The Child-Turcott-Pugh (CTP) scoring historically has been used by clinicians as a prognostic tool to assist in management decisions involving patients with cirrhosis. Model for End stage Liver Disease (MELD) score was developed later to overcome the shortcomings of the Child- Pugh classification.
Little data is available to predict ability of MELD as a prognostic marker in cirrhotic patients as compared to CTP score in Pakistan. As the country braces for launching liver transplant facilities, more such studies need to be conducted.
PATIENTS AND METHODS
This observational prospective study was carried out at Military Hospital, Rawalpindi at tertiary care hospital of Pakistan. Study included patients suffering from Chronic Liver Disease of both genders being above 12 years of age, admitted in medical wards during the period from 1st December, 08 to 30th April 2009.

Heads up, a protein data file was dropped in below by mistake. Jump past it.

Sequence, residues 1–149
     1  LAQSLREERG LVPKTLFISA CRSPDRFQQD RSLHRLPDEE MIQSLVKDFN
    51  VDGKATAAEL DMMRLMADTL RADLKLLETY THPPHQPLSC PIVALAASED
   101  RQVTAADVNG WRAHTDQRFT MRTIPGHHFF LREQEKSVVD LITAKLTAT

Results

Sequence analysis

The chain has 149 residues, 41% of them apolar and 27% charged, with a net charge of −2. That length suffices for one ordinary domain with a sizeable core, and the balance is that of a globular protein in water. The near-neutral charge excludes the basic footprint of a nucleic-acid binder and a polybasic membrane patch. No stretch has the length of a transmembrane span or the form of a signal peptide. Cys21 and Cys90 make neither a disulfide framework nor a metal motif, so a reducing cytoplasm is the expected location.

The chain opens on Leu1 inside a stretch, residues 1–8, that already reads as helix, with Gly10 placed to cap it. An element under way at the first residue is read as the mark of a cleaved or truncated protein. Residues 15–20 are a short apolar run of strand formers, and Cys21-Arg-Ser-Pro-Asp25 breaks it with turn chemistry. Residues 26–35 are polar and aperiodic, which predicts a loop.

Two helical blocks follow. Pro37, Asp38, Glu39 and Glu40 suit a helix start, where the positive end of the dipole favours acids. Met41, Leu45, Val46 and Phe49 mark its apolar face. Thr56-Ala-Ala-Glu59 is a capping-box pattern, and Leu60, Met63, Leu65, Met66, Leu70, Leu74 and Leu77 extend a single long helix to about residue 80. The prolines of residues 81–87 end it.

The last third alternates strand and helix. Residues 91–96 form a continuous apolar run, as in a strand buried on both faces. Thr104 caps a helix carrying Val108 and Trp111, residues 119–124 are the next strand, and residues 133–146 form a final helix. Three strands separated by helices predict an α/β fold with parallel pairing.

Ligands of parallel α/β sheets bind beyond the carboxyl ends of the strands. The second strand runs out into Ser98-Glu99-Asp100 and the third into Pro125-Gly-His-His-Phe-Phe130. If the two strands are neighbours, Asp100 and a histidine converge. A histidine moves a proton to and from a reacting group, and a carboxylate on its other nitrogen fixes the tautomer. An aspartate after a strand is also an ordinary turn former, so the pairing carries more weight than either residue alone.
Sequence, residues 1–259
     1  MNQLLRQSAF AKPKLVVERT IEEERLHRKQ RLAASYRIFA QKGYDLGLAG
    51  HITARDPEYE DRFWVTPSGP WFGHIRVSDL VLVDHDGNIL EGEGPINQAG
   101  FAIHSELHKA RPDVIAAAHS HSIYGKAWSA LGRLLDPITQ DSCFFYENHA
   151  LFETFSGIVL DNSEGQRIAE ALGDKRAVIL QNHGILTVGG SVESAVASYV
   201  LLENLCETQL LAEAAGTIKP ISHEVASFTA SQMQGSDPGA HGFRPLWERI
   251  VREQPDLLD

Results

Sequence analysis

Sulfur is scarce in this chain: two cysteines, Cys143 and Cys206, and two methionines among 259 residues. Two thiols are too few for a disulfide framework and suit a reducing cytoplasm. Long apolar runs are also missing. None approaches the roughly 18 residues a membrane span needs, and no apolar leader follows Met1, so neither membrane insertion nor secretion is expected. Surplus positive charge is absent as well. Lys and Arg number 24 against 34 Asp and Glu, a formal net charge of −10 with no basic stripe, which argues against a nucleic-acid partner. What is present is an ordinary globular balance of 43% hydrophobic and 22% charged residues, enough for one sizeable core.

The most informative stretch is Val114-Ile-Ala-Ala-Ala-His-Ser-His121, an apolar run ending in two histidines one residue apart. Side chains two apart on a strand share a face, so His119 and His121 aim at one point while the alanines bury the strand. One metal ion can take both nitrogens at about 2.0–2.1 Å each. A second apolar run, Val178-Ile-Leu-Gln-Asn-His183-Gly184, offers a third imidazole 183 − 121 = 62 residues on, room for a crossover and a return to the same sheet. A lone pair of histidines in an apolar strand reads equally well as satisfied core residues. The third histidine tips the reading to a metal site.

During admission, detailed medical history, physical examination and required biochemical tests were carried out which included serum creatinine, total bilirubin, INR (International normalized ratio) and serum albumin. MELD and Child-Pugh scores were calculated at baseline in each of these patients.
On discharge, these patients were followed up at 3-months, 6months and 1-year duration through telephone.
MELD score was calculated by the Online UNOS MELD calculator":
0.957 A- Loge (creatinine [mg/dl]) + 0.378 X Loge (total bilirubin [mg/ml]) + 1.120 x Loge (INR) + 0.643
Based on the MELD score, patients were stratified into 04 groups; less than 10, 10 to 19, 20 to 29 and = 30.